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Winter 2002 CalBusiness  
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Berkeley's Akerlof Wins Nobel Prize in Economics

George A. Akerlof, a professor in UC Berkeley's Department of Economics, won the 2001 Nobel Prize in economic sciences on October 10, 2001. It is the second consecutive year in which the Nobel Prize has gone to a UC Berkeley economist. Akerlof is married to Janet L. Yellen, the Eugene and Catherine M. Trefethen Professor at the Haas School.

"He has real flashes of insight into human problems, into what may explain social phenomena," Yellen said. "It's wonderful to work with him; he's so original." Akerlof and Yellen have worked together on numerous research projects including research that refuted prevailing wisdom about how the economy functions.

Akerlof is the author of a landmark study on the role of asymmetric information in the market for "lemon" used cars. His research broke with established economic theory in illustrating how markets malfunction when buyers and sellers - as seen in used car markets - operate under different information. The work has had far-reaching applications in such diverse areas as health insurance, financial markets, and employment contracts.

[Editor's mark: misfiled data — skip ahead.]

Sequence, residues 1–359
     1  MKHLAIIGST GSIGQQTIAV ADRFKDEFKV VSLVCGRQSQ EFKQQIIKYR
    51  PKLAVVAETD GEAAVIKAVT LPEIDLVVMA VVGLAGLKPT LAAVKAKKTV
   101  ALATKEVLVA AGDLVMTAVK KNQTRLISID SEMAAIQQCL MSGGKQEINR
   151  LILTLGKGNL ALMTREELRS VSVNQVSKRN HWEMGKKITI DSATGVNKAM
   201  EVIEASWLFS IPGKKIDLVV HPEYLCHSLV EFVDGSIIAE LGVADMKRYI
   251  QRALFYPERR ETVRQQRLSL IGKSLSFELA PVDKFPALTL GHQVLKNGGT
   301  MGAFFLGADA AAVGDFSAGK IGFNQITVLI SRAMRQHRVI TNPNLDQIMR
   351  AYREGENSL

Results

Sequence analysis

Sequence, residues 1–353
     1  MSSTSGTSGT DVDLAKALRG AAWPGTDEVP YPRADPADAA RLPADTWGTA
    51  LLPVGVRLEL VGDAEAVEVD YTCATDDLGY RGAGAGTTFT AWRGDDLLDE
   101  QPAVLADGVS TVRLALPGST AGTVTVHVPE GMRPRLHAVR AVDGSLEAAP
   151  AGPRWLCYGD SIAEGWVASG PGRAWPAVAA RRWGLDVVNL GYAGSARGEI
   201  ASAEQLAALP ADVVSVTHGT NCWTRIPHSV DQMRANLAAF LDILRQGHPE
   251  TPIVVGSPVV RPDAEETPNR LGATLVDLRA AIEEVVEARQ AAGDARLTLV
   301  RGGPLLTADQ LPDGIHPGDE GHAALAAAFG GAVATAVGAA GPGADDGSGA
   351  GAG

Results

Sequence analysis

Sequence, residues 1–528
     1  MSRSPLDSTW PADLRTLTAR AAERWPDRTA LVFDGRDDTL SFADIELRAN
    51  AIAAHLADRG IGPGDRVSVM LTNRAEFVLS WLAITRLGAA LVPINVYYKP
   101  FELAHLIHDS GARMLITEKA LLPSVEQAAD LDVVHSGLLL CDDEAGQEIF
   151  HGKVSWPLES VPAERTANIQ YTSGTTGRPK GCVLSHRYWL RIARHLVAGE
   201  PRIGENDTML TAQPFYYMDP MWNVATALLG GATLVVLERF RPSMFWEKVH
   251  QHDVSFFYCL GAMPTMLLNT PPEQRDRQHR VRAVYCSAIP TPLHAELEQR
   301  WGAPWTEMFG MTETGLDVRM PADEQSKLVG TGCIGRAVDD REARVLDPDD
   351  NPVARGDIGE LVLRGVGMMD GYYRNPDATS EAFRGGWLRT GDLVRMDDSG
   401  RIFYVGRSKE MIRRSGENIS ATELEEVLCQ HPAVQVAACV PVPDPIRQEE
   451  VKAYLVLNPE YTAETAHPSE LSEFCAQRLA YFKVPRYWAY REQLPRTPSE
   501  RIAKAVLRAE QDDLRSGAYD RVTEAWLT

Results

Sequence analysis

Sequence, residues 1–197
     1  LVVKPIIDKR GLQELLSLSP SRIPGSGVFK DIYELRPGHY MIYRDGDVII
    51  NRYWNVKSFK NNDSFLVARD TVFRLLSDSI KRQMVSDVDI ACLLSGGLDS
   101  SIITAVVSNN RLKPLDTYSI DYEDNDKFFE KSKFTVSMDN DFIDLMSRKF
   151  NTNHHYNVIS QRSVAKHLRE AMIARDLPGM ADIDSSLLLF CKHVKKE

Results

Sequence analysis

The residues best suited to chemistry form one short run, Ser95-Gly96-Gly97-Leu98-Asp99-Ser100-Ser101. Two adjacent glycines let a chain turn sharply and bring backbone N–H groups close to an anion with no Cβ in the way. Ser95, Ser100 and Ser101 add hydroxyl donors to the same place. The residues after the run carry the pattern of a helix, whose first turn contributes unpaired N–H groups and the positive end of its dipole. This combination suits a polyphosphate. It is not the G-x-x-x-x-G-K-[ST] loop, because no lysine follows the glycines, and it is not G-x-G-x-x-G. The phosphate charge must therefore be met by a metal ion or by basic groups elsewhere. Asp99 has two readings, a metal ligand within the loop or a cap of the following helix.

Akerlof shares the prize with economists A. Michael Spence of Stanford University and Joseph E. Stiglitz of Columbia University for their contributions to the analysis of markets with asymmetric information.

Akerlof, 61, is UC Berkeley's 18th Nobel Prize winner. He is the university's third professor in seven years to win the prize in economics, following economics professor Daniel McFadden (2001) and late Haas Professor John Harsanyi (1994).

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